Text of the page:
Empty shelves in the Ukrainian city of Lviv
Empty shelves in the Ukrainian city of LvivReuters

Prices of key commodities have been rising exponentially for years and the COVID pandemic only accelerated the process. Now, however, the war in Ukraine is likely to speed up the price increases still more, given the instability in the markets that war causes, and the fact that both Russia and Ukraine are key producers of wheat and other staples.

According to the UN Food and Agriculture Organization (FAO), the situation is verging on disaster. “We were already having problems with food prices,” the FAO’s chief economist, Maximo Torero, told The Guardian. “What countries are doing now is exacerbating that, and the war is putting us in situation where we could easily fall into a food crisis.”

In the last few days, wheat prices have hit record highs. The prices of both wheat and barley rose by nearly a third last month, and the prices of rapeseed and sunflower oil rose by over 60 percent last year.

“My greatest fear is that the conflict continues – then we will have a situation of significant levels of food price rises, in poor countries that were already in an extremely weak financial situation owing to Covid-19,” said Torero, considered a foremost expert on food and hunger. “The number of chronically hungry people will grow significantly, if that is the case.”

Torero added that due to the effects of the pandemic and the lockdown policies pursued by many countries, food vulnerability increased. “Stocks were very high at the beginning of Covid-19, there was the capacity then to respond to the shock. But having Covid-19 for two years has weakened the resilience of food systems.”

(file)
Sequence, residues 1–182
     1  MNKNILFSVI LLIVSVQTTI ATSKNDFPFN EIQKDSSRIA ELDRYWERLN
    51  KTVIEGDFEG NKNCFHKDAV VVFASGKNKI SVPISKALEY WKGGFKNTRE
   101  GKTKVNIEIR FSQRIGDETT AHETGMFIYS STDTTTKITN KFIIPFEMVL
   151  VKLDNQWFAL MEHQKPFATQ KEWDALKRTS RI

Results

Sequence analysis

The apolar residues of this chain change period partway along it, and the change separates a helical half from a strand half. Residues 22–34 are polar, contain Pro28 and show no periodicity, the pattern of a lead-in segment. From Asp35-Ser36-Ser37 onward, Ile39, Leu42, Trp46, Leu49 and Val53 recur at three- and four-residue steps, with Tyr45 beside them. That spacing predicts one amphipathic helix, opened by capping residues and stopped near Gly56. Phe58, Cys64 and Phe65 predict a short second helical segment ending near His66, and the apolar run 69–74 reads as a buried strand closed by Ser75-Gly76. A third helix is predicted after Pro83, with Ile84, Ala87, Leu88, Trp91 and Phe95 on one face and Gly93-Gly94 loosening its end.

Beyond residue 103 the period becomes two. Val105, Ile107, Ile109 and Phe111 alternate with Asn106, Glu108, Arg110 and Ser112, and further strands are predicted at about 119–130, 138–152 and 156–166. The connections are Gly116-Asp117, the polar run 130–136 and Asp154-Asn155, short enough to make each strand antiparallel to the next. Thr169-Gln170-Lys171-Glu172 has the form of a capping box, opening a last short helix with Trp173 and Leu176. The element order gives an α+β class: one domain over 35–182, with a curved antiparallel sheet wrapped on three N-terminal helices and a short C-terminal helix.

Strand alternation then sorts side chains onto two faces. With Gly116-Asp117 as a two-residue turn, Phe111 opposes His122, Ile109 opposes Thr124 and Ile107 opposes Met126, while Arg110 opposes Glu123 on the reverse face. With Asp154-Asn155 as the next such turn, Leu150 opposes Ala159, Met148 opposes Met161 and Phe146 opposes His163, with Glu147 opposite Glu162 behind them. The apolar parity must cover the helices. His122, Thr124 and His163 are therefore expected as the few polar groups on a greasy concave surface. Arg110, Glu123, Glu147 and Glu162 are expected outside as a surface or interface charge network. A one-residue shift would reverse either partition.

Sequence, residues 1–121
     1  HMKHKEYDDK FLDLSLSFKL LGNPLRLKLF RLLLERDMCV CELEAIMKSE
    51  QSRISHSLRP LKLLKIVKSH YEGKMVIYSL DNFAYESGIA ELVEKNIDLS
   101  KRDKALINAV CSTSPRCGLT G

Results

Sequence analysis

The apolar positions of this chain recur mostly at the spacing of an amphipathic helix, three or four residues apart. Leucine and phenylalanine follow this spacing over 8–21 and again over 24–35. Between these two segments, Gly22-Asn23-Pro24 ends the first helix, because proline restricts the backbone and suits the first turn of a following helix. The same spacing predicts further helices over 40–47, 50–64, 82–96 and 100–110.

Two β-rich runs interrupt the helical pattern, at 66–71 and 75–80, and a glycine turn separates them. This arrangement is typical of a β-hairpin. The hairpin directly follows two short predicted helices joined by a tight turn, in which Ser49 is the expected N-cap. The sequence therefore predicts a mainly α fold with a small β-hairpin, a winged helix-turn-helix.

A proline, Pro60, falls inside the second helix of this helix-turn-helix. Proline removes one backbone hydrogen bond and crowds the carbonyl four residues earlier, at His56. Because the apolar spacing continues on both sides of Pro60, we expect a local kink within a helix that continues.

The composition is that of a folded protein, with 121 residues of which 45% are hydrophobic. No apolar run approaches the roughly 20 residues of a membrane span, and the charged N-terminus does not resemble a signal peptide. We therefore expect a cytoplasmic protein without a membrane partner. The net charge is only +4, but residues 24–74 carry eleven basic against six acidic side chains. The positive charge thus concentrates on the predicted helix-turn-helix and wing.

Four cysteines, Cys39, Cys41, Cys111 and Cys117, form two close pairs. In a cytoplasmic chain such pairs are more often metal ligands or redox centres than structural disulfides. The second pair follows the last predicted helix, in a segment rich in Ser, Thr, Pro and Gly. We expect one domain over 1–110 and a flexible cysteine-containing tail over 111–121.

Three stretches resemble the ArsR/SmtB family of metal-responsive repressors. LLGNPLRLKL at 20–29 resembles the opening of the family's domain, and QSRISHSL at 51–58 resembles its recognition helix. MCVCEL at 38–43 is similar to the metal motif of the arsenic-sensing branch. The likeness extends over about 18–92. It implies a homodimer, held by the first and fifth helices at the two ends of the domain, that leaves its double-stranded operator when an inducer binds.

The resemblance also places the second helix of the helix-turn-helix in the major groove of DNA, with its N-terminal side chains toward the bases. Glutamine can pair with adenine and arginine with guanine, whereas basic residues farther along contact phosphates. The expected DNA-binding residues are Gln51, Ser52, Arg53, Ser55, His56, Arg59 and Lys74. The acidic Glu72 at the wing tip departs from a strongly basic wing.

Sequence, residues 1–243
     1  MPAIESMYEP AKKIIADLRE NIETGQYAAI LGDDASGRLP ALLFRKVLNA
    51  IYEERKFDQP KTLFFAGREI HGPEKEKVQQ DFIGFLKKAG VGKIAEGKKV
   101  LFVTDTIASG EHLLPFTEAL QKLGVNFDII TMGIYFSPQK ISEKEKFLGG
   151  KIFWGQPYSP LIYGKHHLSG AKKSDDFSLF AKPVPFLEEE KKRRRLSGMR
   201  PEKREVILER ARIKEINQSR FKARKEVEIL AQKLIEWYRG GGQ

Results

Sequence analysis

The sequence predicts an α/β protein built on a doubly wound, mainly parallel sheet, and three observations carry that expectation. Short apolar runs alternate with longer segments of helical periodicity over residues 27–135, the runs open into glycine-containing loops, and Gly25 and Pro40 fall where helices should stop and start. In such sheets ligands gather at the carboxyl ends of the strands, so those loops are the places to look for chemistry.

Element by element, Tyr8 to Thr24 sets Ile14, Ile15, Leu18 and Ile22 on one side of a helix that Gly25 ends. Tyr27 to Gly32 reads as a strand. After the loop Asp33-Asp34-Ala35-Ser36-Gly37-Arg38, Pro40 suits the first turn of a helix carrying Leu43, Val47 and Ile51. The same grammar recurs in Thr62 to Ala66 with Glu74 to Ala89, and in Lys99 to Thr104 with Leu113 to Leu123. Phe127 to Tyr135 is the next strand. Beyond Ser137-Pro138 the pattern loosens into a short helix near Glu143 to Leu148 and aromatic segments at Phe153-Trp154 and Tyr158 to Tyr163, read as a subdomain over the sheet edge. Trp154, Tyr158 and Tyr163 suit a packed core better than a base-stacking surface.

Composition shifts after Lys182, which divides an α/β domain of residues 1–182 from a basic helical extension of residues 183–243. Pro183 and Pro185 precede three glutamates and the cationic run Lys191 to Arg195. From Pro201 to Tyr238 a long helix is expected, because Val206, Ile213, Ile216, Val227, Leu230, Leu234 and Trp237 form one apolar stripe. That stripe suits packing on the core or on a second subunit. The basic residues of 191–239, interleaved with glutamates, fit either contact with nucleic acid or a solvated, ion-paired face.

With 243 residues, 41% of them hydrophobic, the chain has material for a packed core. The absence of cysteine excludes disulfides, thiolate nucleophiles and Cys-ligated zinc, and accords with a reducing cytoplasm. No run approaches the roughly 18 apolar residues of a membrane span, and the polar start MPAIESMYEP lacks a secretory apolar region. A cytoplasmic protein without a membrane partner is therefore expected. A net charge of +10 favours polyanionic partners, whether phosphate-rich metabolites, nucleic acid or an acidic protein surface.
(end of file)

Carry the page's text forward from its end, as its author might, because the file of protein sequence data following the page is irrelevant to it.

According to estimates, Ukraine alone supplied 12 percent of all global wheat supplies prior to the outbreak of the current conflict. It is also the world’s largest producer of sunflower oil. Although much of the current wheat crop had already been shipped before Russia invaded, the conflict may lead to an inability to plant for next year.

Moreover, both Ukraine and Russia are key producers of fertilizer, whose price has also skyrocketed.

“Right now, we can’t say prices are higher than in 2007-08, but it can get worse. If the energy and fertilizer situation becomes more serious, that will be worse than in 2007-08. If you add to that the potential for export restrictions, it will get worse,” Torero said.

“Of course Russia can do what they want with their production. If they restricted exports, then the situation would get worse. Prices would increase even more,” he added. “We urge all countries, not only Russia but all countries, not to put export restrictions in place.”

Last Friday, the agriculture ministers of the G7 group of the world’s wealthiest countries met to coordinate a response, urging countries to keep markets open.